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Quantum Levitation Answered

Wow, just in time for The Mad Science Fair- an awesome magnetic levitation set-up.

The Superconductivity Group at Tel Aviv University have been working on thin-films of superconductive materials and have found some...cool effects. 

The thin films will apparently have a few defects, resulting in very specific areas where the magnetic field permeates.  This rigidly constrains the composite, allowing even "up-side down" levitation! (locked in space, beneath a magnet.)  Would be so awesome to play around with but apparently the deposition of the superconductive film is a real challenge, not to mention the sapphire substrate.

A forum post at HI Capacity had these links, probably after a member saw Gizmodo's article "What the Hell Magnets? Why Are You So Amazing?"

Via youtube:

ASTCvideos Quantum Levitation


5 Replies

BigDrig (author)2011-10-18

I actually saw this article right as it was published. This holds so much potential for the scientific community! I just about fell out of my chair with amazement. I'd love to see more on this!

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CrLz (author)BigDrig2011-10-18

I guess this is how R-Type weapons would be made to hover around.

Science fiction becoming science-fact. Glad to see research is not falling behind video games!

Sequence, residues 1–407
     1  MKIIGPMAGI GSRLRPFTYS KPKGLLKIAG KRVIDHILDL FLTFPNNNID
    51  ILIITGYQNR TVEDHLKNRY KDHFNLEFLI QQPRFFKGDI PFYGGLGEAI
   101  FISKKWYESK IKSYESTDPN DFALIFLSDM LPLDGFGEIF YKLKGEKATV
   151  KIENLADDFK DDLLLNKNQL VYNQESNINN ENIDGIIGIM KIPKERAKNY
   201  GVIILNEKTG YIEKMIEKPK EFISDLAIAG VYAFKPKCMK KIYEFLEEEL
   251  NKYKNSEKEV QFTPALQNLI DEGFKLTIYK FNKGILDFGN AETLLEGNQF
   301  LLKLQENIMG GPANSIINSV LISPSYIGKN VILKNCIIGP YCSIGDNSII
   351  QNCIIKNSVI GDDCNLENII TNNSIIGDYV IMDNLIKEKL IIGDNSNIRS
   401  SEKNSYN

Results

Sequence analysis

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CrLz (author)CrLz2011-10-18

Would be fun to replace the permanent magnets with a electromagnet setup:

Since mag-flux must remain at fixed value, adjust the eMagnet strength should move the superconductor towards/away.

Imagine rotating fields, oscillating fields, etc. You've got a touchless drive...

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PaulMakesThings (author)CrLz2011-10-22

I think you might be misunderstanding the effect. I think changing the strength of the magnetic field would change how much force it takes to move the object from it's "locked" position.

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CrLz (author)PaulMakesThings2011-11-02

possibly, as I haven't read any papers regarding the effect. The group's website has some manuscripts about making the thin films, which is the main technical feat.

That said, look at what happens when the permanent magnets are rotated- the disk is forced to follow [1st video, 0:23 to 0:30 sec]. Perhaps the permanent magnets could be replaced with an electromagnet assembly that could be adjusted to "turn" the electric field (similar to a CRT's beam control).

Avoiding confusion: replace with a 3D tunable electromagnet array, and alter effective magnetic field to rotate spatial orientation, strength, (periodically repeat either as oscillations)... This is what I think would move the disk around (sorry my post was misleading in this respect). Magnetic field control in space & time & intensity is very doable, MRI scanners are a good example of such field control.

I think increasing / decreasing field strength while maintaining spatial orientation should move the disk away / towards, similar to when the extra magnets are added on the circular rail [2nd video, 3:04 to 3:23].

All of these effects reminding me of R-Type... would be very fun to get a disk and experiment!

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